So I got to admit, I was pretty psyched when I found out that I was getting a Thomson Seat Post to test ride and review. Why? Everybody I talked to swore by them and told me that they were the best of the best. After riding the post for about a month, I have to admit that they were right.
My old “other” seat post was a house brand carbon seat post that came on my aluminum 29er. It had the new, one bolt clamp system that has been carried over from road bikes to mountain bikes. Although it was a little lighter than
the Thomson (it was carbon after all), it was forever allowing my seat to shift up and down, this was VERY annoying on rides as I find it easiest to ride my bike when my saddle is parallel, not perpendicular to the ground. And seeing as how I’m around one hundred pounds it was not like I should have been able to do this.
But enough talk about this inferior seat post. You can get into a Thomson for around $88, which is a worthy investment as it is a sweet post that will last forever and will hold your saddle in place without constantly having to constantly tighten it. Thomson seat posts are also known for their clamp design that doesn’t scratch the rails on your seat. The clamp design on these posts is incredible and very straight forward. There are two bolts that clamp onto the rails of saddle, to adjust the slant of the seat, you simply loosen one bolt and tighten the other, foolproof!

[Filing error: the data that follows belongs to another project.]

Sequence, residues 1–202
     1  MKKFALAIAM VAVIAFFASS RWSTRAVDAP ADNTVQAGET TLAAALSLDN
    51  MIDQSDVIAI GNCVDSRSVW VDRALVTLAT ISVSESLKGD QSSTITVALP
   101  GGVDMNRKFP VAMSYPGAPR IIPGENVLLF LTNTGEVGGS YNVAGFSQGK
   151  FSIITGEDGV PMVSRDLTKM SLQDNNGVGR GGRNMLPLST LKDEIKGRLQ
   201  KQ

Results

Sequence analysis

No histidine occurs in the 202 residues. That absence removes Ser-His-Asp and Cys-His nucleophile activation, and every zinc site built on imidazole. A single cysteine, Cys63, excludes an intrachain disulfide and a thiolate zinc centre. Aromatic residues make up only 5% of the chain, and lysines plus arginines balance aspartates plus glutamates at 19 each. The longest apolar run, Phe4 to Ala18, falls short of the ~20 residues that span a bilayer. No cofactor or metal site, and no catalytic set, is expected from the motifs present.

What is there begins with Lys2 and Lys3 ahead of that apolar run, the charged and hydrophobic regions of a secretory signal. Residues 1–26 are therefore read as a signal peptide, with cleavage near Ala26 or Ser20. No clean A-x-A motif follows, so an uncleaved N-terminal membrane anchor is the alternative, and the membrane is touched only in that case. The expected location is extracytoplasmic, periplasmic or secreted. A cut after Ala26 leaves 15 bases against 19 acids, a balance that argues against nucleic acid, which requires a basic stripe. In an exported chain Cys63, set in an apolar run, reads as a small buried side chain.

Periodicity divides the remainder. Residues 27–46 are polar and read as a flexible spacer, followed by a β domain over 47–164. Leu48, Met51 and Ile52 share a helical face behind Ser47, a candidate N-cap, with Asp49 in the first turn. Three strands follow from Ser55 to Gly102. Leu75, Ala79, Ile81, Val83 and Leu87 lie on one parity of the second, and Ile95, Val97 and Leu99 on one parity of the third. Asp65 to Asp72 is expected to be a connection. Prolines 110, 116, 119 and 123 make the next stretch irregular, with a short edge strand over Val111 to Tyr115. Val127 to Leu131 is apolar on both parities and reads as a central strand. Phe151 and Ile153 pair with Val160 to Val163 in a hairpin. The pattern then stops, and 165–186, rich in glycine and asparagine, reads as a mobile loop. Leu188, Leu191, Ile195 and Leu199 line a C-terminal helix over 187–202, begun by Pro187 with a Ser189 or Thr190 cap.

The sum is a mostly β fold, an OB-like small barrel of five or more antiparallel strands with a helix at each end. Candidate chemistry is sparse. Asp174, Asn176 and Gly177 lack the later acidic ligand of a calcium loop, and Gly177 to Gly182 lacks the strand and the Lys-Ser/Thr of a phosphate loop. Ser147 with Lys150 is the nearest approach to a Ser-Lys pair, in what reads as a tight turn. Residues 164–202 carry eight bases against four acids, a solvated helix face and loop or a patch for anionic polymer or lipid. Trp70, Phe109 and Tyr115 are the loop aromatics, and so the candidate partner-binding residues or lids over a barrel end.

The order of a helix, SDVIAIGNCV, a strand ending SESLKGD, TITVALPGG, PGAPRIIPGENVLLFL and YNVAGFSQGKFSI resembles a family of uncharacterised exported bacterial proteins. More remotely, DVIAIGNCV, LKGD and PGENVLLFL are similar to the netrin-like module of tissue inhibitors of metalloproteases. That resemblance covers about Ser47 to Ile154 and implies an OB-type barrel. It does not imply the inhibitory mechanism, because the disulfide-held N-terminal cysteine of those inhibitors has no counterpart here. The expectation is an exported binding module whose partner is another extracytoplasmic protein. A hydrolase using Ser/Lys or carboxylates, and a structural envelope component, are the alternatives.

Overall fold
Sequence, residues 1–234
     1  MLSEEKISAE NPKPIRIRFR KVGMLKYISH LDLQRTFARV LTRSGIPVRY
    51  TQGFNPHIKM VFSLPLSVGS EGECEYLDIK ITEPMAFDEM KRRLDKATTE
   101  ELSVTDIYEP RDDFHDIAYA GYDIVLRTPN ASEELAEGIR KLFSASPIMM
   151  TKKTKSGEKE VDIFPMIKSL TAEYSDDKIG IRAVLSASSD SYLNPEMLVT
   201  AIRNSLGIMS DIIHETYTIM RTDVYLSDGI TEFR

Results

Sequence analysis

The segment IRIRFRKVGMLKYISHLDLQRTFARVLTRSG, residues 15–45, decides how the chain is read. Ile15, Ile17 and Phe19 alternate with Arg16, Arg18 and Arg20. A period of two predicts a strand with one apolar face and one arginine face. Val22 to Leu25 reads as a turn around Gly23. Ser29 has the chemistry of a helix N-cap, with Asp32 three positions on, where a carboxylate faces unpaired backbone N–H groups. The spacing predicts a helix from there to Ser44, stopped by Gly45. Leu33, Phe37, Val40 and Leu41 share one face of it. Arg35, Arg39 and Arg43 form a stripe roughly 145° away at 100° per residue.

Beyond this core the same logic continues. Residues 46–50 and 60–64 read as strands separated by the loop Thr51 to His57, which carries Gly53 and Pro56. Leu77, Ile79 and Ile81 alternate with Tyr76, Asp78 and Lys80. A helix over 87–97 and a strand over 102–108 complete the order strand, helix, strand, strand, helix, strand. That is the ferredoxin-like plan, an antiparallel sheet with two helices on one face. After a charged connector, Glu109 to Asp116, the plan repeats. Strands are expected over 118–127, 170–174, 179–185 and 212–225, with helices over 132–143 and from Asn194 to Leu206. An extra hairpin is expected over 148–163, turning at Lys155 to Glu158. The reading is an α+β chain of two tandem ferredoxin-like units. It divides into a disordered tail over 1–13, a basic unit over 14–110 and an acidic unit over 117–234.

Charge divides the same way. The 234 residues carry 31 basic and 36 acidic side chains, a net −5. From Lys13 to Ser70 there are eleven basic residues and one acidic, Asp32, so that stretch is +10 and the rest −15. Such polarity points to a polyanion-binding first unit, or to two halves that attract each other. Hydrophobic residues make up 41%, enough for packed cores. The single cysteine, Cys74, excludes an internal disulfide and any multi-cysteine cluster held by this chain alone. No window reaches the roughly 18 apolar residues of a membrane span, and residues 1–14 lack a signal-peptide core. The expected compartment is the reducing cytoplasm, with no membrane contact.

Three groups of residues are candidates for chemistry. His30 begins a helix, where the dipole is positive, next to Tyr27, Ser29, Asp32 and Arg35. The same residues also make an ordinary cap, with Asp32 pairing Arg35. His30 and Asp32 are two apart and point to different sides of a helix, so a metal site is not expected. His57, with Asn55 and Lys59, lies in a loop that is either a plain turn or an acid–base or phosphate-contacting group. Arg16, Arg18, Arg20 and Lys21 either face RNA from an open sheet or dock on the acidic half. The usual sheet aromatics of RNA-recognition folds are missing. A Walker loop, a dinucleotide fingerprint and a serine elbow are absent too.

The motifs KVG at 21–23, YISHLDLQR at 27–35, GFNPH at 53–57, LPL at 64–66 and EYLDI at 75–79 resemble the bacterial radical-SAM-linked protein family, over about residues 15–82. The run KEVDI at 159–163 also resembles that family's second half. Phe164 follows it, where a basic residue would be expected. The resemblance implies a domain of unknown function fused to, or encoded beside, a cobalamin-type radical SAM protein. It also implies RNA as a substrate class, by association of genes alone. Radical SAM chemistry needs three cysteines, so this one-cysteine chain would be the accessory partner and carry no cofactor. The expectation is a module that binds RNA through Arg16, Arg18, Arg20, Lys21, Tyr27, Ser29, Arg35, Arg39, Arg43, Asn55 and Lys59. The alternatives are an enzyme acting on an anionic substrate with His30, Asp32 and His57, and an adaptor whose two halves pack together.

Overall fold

In terms of how the post rides, the aluminum post actually has a little more flex than the carbon (which sounds counterintuitive… I know), and absorbs the bumps nicely. The post is also killer light and insanely sturdy, nobody I know has ever been able to break one. In comparison to other seat posts, which fail at 150 Ibs of torque, the Thomson seat post can endure 350 Ibs of torque before breaking. (The post will bend slightly after 250 but is still considered safe to ride). And for the weight weenies out there, the 250 mm seat post weighs about 188g, while the 330 mm seat post comes in at about 228g. The installation of this seat post is easy enough, and if you can read, which I’m figuring you can seeing how you’ve gotten this far in the review, you can do it yourself.
I love this seat post and will be using Thomson for as long as I can, or at least until a seat post that powers the bike for you is invented….
The Bottom Line: If you are a serious rider and/or race, then quit messing around with other seat posts and get a Thomson. Some say that the price is a turn off, but my guess is that they haven’t ever had to ride home without a
seat, and therefore can never appreciate how well Thomson has coupled durability with a lightweight aluminum seat post.
Rating – 10/10